Next Door, Inc. seeks to expand program

The Ginnett family — Doug, Sherri and their 2-year-old son — has fostered 13 youths and are currently fostering two.

Submitted photo
The Ginnett family — Doug, Sherri and their 2-year-old son — has fostered 13 youths and are currently fostering two.



In September, The Next Door, Inc. (TNDI) received more than 50 youth referrals for children ages 6-18 in need of foster care.

However, the program is limited on the number of youth it can accept into its program because of the declining number of foster families available in the Gorge.

In order to help meet the need, TNDI is co-hosting a foster parent information session with Greater Oregon Behavioral Health, Inc. (GOBHI, headquartered in The Dalles), on Monday, Nov. 19 from 5:30-6:30 p.m. at its office, located at 965 Tucker Road, Hood River.

Amy Lindley, foster parent recruiter and certifier for The Next Door, said she would like to recruit as many people as possible, “but an additional nine families would be wonderful to help us support the current youth in our program as well as open up opportunities for additional youth who would benefit from our treatment program.”

TNDI is part of a statewide initiative called Foster Plus and collaborates with 12 other social service agencies in Oregon “all working to connect kids in need with the support and stability of committed, caring foster families,” Lindley said.

There is a free preservice training of 32 hours required to obtain certification from Next Door, as well as ongoing monthly training for active foster parents that results in 24 hours of training each year, said Lindley.

“We work to provide foster parents with the best training possible to help them be prepared to work with the youth,” she said. “The TNDI foster youth always have a highly trained team to wrap around them, but the TNDI foster parents do as well.

“With The Next Door, you’re an important part of a team with 24/7 access to a caring, trained support staff,” she added.

There is no such thing as a perfect foster parent, Lindley stressed, and anyone who is interested is welcome to attend the informational meeting.

“Every foster parent is different and can bring their own unique qualities to the program,” she said. “However, flexibility, stability and empathy are important.”

Sherri and Doug Ginnett, who have been foster parents for three years, have had 13 fulltime placements, and are currently fostering two.

“Patience is a virtue,” said Sherri Ginnett. “Sometimes you will feel like they aren’t listening to you, that it goes in one ear and out the other, and sometimes you get 2 a.m. calls because you were/are their security blanket and they need your support.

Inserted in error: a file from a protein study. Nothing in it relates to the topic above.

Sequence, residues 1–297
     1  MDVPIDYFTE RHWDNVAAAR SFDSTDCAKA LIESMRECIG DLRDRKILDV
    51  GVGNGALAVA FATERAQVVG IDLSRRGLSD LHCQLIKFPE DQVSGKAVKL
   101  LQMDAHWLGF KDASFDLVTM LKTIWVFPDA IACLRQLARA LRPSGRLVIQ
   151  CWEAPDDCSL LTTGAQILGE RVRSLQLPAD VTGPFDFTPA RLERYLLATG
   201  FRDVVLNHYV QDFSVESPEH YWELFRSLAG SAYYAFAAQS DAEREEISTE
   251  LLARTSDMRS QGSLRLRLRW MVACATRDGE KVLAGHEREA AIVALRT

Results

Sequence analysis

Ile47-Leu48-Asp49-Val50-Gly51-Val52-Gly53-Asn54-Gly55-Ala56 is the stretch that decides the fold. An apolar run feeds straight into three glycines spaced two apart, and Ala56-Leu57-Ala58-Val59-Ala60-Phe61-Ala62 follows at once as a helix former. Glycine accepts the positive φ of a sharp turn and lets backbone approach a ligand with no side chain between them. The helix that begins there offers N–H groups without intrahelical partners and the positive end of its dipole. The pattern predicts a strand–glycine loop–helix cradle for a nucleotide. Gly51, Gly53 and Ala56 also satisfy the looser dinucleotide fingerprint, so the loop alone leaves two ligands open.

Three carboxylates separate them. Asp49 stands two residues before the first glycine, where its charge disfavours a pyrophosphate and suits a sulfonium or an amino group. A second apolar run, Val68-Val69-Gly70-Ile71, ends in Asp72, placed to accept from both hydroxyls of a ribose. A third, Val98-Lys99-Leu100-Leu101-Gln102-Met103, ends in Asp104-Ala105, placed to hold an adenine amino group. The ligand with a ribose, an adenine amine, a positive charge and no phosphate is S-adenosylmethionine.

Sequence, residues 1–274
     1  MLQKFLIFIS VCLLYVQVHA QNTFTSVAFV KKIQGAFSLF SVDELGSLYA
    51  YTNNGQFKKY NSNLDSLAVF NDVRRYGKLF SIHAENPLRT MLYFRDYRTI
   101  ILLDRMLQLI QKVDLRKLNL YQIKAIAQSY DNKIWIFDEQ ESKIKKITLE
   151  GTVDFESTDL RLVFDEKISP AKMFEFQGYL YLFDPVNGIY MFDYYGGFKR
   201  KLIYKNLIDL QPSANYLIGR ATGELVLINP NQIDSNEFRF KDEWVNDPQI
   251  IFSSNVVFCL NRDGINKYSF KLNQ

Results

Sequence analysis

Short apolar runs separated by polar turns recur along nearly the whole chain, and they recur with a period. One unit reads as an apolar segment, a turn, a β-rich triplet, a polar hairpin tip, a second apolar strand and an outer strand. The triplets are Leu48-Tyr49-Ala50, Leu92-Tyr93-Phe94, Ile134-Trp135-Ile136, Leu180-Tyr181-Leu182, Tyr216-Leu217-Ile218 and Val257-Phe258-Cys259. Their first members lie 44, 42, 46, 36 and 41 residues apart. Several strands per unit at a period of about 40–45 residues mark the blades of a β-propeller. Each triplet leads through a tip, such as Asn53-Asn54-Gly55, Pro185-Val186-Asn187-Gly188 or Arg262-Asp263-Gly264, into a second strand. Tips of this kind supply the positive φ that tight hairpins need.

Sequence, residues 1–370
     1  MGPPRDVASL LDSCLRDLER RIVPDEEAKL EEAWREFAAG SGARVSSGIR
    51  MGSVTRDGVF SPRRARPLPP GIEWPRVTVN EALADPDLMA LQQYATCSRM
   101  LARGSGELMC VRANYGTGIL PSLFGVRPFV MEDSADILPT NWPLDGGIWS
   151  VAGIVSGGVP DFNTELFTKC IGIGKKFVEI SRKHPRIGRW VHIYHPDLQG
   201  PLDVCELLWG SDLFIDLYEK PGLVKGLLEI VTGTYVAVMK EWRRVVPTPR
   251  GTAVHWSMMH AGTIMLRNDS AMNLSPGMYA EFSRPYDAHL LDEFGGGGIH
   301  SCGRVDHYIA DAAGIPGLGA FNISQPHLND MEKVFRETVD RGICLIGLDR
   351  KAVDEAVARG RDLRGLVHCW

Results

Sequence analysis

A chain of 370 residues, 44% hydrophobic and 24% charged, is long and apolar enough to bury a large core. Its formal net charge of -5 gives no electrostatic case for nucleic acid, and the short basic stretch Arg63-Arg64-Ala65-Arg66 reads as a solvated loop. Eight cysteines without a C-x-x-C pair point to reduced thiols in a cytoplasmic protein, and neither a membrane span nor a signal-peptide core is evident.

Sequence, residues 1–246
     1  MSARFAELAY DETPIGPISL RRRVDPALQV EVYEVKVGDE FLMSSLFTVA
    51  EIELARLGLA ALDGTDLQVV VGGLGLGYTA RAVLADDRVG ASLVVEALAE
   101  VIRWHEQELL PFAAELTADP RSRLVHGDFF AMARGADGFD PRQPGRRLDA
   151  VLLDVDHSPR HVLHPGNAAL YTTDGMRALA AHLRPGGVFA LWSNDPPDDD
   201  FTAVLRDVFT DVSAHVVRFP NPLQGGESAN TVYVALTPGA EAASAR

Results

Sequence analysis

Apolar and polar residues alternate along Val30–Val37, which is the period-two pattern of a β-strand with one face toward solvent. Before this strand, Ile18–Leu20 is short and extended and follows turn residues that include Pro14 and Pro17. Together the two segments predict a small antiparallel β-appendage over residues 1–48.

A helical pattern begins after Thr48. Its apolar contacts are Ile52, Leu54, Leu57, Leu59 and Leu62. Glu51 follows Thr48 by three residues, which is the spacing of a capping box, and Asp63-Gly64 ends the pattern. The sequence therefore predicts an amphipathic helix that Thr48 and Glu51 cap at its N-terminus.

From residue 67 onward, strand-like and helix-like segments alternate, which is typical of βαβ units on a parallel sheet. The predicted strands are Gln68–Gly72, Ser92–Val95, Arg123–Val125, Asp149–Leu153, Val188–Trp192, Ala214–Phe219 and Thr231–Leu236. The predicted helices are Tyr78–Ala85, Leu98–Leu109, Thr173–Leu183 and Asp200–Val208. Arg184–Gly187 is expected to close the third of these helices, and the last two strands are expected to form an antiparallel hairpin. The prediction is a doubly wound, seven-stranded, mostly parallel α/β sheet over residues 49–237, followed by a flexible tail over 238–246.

“Occasionally, when the youths are in our home, we feel like we aren’t making any progress, so it’s really refreshing when they turn to us,” she said.

“All of your hard work will show in time, when they are ready to blossom. Just be patient, don’t give up — they are listening,” Ginnett said.

For their family, the most challenging part of fostering is when a youth first comes into the house.

“Some of these kids have never been part of a family or have had unhealthy relationships around being in a family, and we start to show them what it is like to be a unit, and that not every family will walk out on them, gaining their trust and respect,” she explained.

The Ginnetts decide to become foster parents because they didn’t think they were able to have biological children “and we really wanted kids in the house,” she said. “The day before our very first training, we found out we were pregnant. We became parents to two foster kids and our biological son all within nine short months.”

The Ginnett’s son, now 2, gets along well with the youth that come into their home. “He gets so excited when his ‘brothers’ come home from school and want to play blocks and build ‘big, big houses.’”

Something she wished she knew before she became a foster parent?

“I wish I knew I would end up having 14 sons (counting my own) in my first three years of being a parent! Do you know how much food I have made?” she said. “I wish I understood how much of an impact we would make, how we would have a hand in 13 kids’ lives — 13 kids we helped shape into young adults.

“Consider opening your homes and your hearts and show these kids what it is like to have a home to come home to,” said Ginnett.

For more information on becoming a foster parent, contact Lindley at 541-308-2207.



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